A major overhaul of farm subsidies that rewards landowners in England for their environmental work is in doubt after the government signalled a review.
Environmental groups and some farmers worry the government could water down the overhaul, known as environmental land management schemes (ELMS), but the NFU farm union had requested a delay.
ELMS is designed to replace the EU’s common agricultural policy (CAP).
A government spokesperson confirmed it was “rapidly reviewing” its plans.
ELMS was the biggest shake-up of farm policy in England for 40 years, introduced after Brexit to replace the EU’s CAP payouts.
Those grants were worth about £3.5bn annually and the majority were paid based on how much land each individual farmer owned, leading to criticisms that the payments benefited the wealthiest.
The new ELMS subsidy framework was cast into doubt after a number of landowners and farmers had meetings about the scheme with the Department for Environment, Food and Rural Affairs cancelled.
News of the review prompted an unusually outspoken statement from the director-general of the National Trust, Hilary McGrady.
“Rather than ramp up action to support our environment, this government appears however to be heading in the opposite direction,” she said.
Cambridgeshire farmer Martin Lines, who is chairman of the Nature Friendly Farming Network, which promotes sustainable farming, said that any delay to the ELMS scheme would deny farmers crucial support to adapt to a changing climate.
“If the government is stalling ELMS, it is failing any duty of leadership in maintaining momentum and building resilience,” he said
ELMS is made up of three payment schemes – the sustainable farming incentive, local nature recovery and landscape recovery.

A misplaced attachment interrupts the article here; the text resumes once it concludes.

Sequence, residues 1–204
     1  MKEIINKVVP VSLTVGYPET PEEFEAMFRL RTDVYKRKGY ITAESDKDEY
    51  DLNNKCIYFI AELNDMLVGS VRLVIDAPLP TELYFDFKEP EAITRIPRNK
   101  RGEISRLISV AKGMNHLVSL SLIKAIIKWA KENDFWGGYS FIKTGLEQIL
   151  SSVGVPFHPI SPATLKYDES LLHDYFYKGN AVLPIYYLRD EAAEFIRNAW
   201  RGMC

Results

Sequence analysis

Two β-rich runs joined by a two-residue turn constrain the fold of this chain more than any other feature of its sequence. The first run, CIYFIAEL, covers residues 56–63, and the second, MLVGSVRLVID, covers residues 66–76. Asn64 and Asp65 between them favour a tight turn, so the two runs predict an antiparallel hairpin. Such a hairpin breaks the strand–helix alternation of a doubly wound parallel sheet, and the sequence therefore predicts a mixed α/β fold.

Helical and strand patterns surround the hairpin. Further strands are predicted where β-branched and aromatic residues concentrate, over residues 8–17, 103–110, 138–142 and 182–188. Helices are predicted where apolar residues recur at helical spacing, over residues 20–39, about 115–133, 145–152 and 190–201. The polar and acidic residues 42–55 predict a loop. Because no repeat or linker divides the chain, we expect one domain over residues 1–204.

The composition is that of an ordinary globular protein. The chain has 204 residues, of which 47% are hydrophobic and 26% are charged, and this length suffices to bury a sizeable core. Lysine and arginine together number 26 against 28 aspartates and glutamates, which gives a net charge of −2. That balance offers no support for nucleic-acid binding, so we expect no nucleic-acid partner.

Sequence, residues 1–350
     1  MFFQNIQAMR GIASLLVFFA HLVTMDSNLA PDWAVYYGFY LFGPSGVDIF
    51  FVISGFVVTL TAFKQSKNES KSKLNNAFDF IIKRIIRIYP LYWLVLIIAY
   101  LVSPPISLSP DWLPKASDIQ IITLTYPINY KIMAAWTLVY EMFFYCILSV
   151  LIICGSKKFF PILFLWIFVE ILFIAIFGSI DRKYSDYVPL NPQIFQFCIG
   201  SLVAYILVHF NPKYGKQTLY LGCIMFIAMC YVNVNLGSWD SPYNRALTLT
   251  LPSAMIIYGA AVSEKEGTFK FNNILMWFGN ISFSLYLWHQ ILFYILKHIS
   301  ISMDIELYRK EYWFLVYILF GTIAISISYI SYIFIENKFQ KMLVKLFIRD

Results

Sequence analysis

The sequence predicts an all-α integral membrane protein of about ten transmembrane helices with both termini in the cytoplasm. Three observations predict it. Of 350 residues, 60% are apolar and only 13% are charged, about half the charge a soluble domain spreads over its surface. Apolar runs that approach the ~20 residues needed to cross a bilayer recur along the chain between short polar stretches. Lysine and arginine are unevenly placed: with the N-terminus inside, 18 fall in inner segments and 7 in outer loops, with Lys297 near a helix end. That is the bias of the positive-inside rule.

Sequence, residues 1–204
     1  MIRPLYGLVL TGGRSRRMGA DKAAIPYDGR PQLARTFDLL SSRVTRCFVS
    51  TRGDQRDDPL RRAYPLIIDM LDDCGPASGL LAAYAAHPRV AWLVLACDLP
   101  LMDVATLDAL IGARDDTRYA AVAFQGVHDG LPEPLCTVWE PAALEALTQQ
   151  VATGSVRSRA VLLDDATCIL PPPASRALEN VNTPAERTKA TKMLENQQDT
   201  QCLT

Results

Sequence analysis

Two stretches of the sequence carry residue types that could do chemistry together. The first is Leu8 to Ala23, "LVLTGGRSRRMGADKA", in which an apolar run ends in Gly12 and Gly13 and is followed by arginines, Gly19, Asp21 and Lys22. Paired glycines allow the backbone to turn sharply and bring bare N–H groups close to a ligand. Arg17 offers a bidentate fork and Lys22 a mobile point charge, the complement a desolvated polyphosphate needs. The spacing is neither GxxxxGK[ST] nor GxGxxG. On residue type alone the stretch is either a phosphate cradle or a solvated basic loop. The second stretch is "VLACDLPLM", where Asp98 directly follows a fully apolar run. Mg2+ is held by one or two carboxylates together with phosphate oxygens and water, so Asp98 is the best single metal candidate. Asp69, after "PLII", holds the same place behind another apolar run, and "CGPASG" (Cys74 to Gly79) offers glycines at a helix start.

Under the system, farmers could be paid subsidies based on a range of environmental work, from improving water and soil health and creating wildlife habitats to rewilding whole landscapes.
But those with smaller farms had voiced concerns that the new nature-friendly system would not offer them enough to stay in business.
NFU president Minette Batters said her organisation had wanted a delay to the schemes’ introduction.
“We called for a delay not because we wanted to hang on to the status quo but because we believe that the SFI needed to have more detail and it needs to be profitable,” she said.
“We have always been calling for a better policy, one that does deliver for food production and for the environment.”
She also argued that the larger-scale rewilding projects should be paid for with private money, not public funds.
“We have got literally billions and billions of pounds in green finance that is looking to invest in wild environments. We should be making the private sector work effectively,” she said.
A report earlier this year by think tank the Green Alliance estimated that delaying ELMS by two years would reduce the savings in agricultural emissions delivered by 2035 by half.
News of the review triggered warnings from environmental groups.
Craig Bennett, chief executive of The Wildlife Trusts, said “If we revert to an agricultural system where people get given taxpayers’ money on the basis of how much land they own then one of the few potential benefits of Brexit will have been squandered. It will be unfair and unsustainable.”
Richard Benwell, chief executive of Wildlife and Countryside Link, a coalition of rural conservation charities, said: “Farmers should be paid more and paid well for ambitious action to deliver environmental recovery, alongside producing healthy food.”
He said any suggestion farmers be paid based on the amount of land they owned “would squander years of work and waste the opportunity to create a thriving agriculture sector that works in harmony with nature. Area-based payments are inefficient and inequitable”.
A Defra spokeswoman said that, while environmental land management remained important, the department was reviewing its plans “given the pressures on farmers, and the government’s aims of boosting food security and economic growth”.
She added: “In the light of the current global economic situation, we know that the cost of inputs has gone up, which might make it more difficult for farmers to both improve the natural environment and underpin food production, so we will continue our engagement with the sector to make sure the outcomes that the British people want to see are delivered.”
Agricultural policy in the UK is a devolved responsibility and each nation is implementing its own subsidy schemes.